Morning, folks. Today, we're looking at a new old unit from Corsair. What do I mean by that? They're refreshing the CXM line, that's what. This most basic of the Corsair modular units has gained an unfair reputation over the years, and despite actually putting in a good showing of itself for us (though it did shut down in the hot box), Corsair haters pulled out their pitchforks and chased the original version all around the Internet. Excuses? They had a lot of them.
"It's only rated for thirty degrees. It's going to explode." "Those are Capxon caps. I heard those were bad. Besides, it's going to explode." "You can get the BargleGargle Crazypower 800W for five bucks cheaper. Why buy that Corsair junk I heard will just explode?" "Everyone's buying Corsair. I hate fanboys. Here, let me go on a rampage against the one Corsair unit never intended for high level enthusiasts, so the fanboys suffer. Let me just set my shadenfreude to max, type the word 'explode' here along with some sciencey stuff I can't really back up, and... beautiful!"
For the last time, Internet, there's a difference between exploding and shutting down due to overtemp protection. Junk units don't have overtemp protection... those are the ones that explode. Do I still think thirty degrees is unnecessarily low? Heck, yeah. But remember what I said - this is not supposed to be a top of the line power supply. It's a budget unit. You want forty degrees? Buy one so rated, like an RM unit.
Or... oh! This new version of the CXM! Corsair must have gotten fed up with the naysayers and updated the design to shut them up. We are now good for forty degrees, people.
Along with an updated unit comes a new box. One far more attractive than the old white and green box, in case you need an easy way to tell the two revisions apart. Black and yellow? You've got new juice, there, fellow. Tangy and brown, you're in cider... no, wait, that's from the Simpsons. Green and white, it's the old one all right.
Much of the marketing is the same. The unit is targeted toward people who need decent power on a budget, as evidenced by such cost cutting measures like only semi-modularity and 80 Plus Bronze. The challenge with units like this is cutting cost without cutting too much performance, and I thought the original did a pretty good job of that. Though, again, thirty degrees at full power was too much of a compromise. But that is seemingly no longer an issue, so I'm looking forward to load testing this one.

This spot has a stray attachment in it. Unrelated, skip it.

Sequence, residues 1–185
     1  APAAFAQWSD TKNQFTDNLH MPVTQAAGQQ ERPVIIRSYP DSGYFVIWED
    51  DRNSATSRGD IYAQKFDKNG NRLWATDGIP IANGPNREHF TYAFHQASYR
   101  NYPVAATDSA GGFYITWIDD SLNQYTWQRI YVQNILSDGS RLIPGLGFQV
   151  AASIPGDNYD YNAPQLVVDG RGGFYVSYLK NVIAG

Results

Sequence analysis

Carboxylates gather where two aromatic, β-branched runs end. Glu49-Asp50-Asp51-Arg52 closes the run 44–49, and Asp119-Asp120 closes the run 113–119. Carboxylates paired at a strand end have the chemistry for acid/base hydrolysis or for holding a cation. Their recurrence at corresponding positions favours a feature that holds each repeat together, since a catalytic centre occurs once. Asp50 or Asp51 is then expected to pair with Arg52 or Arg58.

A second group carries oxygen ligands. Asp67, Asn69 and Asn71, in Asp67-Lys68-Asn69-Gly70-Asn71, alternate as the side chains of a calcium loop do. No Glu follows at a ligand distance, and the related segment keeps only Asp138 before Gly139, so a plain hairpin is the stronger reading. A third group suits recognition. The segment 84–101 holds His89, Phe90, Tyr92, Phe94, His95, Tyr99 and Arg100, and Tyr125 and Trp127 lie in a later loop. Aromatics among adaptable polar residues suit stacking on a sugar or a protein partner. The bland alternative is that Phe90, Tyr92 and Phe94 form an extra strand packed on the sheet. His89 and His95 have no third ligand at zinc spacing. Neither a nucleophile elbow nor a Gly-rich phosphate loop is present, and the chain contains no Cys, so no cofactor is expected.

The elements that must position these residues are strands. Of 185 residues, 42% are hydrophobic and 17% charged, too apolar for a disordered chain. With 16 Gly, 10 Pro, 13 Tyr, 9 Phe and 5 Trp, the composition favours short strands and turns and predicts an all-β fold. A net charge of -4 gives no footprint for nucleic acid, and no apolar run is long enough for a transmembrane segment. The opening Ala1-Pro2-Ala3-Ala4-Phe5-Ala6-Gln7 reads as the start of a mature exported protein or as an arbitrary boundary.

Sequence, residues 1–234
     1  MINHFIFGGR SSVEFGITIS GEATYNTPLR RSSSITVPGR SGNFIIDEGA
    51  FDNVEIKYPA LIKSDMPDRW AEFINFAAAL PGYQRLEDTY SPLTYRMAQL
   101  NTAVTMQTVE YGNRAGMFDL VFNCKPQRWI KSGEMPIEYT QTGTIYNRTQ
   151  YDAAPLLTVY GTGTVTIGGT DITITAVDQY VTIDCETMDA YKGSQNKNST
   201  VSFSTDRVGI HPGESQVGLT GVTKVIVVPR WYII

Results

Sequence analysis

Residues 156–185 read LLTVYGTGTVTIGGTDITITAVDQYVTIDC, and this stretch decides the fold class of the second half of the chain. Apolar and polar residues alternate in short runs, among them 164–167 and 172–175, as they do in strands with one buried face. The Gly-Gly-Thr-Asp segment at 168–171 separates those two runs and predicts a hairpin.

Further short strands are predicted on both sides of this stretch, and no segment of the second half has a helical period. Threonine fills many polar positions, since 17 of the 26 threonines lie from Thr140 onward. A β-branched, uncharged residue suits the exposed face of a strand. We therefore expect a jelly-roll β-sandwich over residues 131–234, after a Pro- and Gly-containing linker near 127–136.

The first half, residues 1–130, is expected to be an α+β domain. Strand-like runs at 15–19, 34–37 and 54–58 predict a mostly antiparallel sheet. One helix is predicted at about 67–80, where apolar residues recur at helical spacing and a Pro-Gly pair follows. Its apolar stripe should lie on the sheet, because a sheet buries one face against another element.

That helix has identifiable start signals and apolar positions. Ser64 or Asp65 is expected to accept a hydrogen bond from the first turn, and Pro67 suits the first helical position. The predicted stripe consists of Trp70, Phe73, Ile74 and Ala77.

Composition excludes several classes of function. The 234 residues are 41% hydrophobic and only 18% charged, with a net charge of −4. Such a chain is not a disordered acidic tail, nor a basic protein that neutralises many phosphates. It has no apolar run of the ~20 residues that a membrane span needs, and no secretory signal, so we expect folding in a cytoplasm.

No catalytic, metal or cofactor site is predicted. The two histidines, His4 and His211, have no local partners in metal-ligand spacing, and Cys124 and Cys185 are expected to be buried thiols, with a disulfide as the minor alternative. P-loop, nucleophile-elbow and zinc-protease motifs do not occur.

Cables? This unit has them. Unfortunately, it looks like we may be dealing with hardwired Berg connectors, so I'll get my red pen out now.
There's really not much one can do to spin 80 Plus Bronze as a marketing point anymore, but the box does its best. Really, though, in these days of 80 Plus Titanium, it's easy to forget that even Bronze is still pretty good. When you think about it, for most people the cost differences between Bronze and anything better than that often can't be made up with the difference in the power bill over the next few years, so that's really no good reason to get anything more efficient.
No, if you want a good reason for Titanium, toss the cost argument and try the "saving the planet" one instead. It makes so much more sense.
There's marketing elsewhere on the box, too. Nothing we haven't seen before, mind you. I think I'll unpack, now.
We have a power supply, modular cables, warranty guide, safety guide, power cord, and a little bag with some zip ties and screws. I can't say I really find this unit wanting for goodies - basic units aren't expected to have a ton of little doo-dads like case stickers packed with them.
The user guide can be found online at Corsair's site, of course. This has pretty well been the norm for them for a while now.
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